Felts was approached by owners of the troubled festival after producer Superfly pulled out in May over long-standing disagreements regarding the capacity of the event at Watkins Glen International in New York. Woodstock's main investor Dentsu previously pulled out of the the anniversary concert headlined by Jay-Z, Imagine Dragons and Dead and Company, citing unmet benchmarks and concerns with the viability of the site.
Lawyers for Woodstock 50 partner Greg Peck and Woodstock co-founder Michael Lang took Dentsu to court and a judge overseeing the case ruled that Dentsu didnt have the power to cancel the festival, but stopped short of forcing the Japanese conglamerate from returning the $18 million left of its orginal $49 million investment to Woodstock -- a decision that was later upheld on appeal.
Earlier this month, Watkins Glen officals announced the speedway was ending its licensing agreement to host the festival, saying Woodstock missed a $150,000 payment due in May. The announcement terminated the event's permit application with the New York Department of Health and was followed by an anouncement from CID Entertainment that it was also done working with Woodstock 50.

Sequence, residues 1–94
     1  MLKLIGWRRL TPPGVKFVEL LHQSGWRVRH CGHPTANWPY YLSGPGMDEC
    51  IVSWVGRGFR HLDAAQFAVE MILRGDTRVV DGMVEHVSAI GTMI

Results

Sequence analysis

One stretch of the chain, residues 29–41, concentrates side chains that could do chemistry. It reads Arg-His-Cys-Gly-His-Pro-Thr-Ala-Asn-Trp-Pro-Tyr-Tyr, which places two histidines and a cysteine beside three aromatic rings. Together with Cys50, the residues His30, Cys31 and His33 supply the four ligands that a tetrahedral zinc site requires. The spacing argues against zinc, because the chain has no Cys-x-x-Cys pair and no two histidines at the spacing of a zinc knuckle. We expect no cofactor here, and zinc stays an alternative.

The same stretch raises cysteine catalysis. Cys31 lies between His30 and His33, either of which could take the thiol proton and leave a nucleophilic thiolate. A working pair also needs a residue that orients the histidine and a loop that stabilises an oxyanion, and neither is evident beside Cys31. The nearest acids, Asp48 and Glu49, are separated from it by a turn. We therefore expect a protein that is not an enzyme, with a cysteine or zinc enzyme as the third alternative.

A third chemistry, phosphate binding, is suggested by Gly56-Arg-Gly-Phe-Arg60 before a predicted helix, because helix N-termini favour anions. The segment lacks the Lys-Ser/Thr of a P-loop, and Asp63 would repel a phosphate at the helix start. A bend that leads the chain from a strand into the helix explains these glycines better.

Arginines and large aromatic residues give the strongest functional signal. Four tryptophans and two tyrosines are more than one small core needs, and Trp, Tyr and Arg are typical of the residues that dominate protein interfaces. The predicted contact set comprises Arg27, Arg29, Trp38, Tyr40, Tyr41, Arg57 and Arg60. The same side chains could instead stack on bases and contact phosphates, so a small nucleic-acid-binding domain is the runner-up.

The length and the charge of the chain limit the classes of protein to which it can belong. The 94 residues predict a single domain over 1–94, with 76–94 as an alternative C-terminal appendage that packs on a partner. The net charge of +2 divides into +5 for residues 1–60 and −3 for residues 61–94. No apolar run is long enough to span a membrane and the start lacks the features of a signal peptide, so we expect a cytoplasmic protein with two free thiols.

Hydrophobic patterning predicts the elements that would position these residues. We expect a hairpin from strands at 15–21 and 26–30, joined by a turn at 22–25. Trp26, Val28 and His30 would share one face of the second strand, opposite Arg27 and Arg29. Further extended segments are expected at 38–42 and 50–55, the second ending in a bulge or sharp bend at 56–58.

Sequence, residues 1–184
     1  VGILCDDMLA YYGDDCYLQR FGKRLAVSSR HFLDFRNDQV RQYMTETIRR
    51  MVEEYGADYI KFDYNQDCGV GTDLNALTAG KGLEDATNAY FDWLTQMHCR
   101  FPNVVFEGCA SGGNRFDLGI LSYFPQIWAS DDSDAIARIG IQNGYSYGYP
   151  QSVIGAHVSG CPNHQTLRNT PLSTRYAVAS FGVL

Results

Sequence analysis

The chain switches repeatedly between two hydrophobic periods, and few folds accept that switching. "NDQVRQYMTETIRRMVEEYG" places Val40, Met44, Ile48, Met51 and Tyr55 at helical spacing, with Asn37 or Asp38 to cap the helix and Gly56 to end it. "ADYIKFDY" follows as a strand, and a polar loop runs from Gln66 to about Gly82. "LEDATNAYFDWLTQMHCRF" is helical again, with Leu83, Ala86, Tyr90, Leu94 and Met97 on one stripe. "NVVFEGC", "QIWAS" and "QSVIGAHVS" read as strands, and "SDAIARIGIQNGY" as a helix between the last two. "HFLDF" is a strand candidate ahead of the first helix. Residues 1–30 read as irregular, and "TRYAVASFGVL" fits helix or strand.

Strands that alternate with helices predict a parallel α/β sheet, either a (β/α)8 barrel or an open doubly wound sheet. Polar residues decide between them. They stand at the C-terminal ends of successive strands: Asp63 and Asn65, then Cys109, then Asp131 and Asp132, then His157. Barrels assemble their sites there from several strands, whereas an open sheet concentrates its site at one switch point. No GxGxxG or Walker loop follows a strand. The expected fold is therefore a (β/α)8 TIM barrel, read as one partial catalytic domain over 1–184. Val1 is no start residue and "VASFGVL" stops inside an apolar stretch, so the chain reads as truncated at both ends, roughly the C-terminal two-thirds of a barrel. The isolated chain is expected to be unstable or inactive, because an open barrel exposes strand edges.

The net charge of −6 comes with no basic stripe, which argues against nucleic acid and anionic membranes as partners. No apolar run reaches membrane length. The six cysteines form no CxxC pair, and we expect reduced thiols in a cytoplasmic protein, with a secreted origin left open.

Felts faces a daunting task reviving the event and has not made a final determination about whether or not he will produce a revived Woodstock 50. In the interim, Felts is serving as a consultant to determine the event's feasibility, due diligence needs and operational and financial assessment.
Peck is working with financial advisor Oppenheimer & Co to obtain financing, but neither Branson nor Virgin are financing the festival.
Felts and Woodstock 50 declined to comment.